The tough choices

This is why our national deficit is so large:

Everyone, in principle, wants to balance the budget and cut the deficit, but no one wants to actually make any of the tough choices necessary to accomplish it.

By and large, a majority of Americans would rather keep spending at current levels for a wide range of programs: Medicare, Medicaid, Social Security, agricultural subsidies, unemployment assistance, etc. This same survey shows that a majority of Americans are opposed to eliminating various tax deductions, increasing the retirement age, or increasing taxes on gasoline.

As a nation, we want to have our cake and eat it, too. One can only imagine the tough spot this puts our elected officials in, as many of them are sent to Washington with the conflicting messages of: “Reduce the deficit!” and “Don’t raise my taxes or cut my government benefits!”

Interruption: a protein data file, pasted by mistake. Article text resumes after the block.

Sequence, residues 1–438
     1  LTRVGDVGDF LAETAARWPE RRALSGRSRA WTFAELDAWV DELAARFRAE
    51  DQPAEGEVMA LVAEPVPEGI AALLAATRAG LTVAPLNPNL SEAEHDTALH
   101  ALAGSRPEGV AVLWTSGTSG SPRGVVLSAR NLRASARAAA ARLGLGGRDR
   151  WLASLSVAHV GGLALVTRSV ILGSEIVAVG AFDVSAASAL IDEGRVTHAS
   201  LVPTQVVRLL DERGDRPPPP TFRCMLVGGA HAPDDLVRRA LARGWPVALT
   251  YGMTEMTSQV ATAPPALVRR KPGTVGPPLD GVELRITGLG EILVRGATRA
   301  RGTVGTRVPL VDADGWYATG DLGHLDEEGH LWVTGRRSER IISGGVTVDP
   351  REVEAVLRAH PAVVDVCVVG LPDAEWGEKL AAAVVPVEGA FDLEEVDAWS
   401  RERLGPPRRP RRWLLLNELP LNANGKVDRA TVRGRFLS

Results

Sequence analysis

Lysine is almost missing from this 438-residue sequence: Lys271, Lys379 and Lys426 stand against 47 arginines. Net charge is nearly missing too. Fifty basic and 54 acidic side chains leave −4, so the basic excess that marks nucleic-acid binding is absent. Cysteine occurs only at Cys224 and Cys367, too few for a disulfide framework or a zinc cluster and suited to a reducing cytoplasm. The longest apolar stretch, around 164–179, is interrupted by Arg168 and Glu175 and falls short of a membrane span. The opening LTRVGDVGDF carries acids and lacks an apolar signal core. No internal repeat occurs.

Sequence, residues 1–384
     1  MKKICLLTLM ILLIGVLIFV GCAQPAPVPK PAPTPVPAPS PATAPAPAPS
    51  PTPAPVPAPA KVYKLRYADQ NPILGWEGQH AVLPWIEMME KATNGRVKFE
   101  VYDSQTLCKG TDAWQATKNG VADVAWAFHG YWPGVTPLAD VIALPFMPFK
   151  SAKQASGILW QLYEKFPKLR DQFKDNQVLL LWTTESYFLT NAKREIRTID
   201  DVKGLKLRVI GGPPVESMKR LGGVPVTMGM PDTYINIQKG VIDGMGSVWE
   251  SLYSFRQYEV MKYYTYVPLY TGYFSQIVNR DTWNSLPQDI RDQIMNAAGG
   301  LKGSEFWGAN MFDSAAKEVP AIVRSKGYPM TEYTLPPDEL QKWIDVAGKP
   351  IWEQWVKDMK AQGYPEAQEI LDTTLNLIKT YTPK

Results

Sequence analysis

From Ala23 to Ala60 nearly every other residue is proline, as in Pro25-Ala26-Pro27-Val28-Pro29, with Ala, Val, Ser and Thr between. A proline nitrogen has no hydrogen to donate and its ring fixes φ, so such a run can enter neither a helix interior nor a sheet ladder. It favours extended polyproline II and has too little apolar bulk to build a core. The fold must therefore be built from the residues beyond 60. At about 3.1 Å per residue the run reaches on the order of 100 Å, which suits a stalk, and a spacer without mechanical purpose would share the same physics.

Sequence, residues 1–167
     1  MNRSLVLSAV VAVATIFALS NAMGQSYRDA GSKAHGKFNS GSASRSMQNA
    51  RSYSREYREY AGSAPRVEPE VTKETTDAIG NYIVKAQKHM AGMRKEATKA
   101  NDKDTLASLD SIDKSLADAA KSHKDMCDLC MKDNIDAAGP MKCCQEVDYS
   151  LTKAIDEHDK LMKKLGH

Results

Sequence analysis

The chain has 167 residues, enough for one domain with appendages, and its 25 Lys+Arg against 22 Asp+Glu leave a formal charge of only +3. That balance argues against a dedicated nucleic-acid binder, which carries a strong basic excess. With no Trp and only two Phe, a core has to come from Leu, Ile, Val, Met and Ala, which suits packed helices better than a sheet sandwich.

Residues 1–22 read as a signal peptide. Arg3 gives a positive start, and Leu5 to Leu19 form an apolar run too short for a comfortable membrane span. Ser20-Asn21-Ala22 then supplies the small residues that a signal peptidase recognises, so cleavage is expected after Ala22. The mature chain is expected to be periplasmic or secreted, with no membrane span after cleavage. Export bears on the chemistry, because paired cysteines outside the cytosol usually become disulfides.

In a democracy, our elected officials are theoretically supposed to represent the priorities and views of their constituents. It’s easy to blame them for our nation’s problems, but ultimately they do only what they’re incentivized to do by their constituents: us. Once we’re willing to make the hard choices (i.e. pay more taxes AND cut government services) our elected officials will follow as they seek for us to reelect them.

Democracy is a system ensuring that the people are governed no better than they deserve.” – George Bernard Shaw

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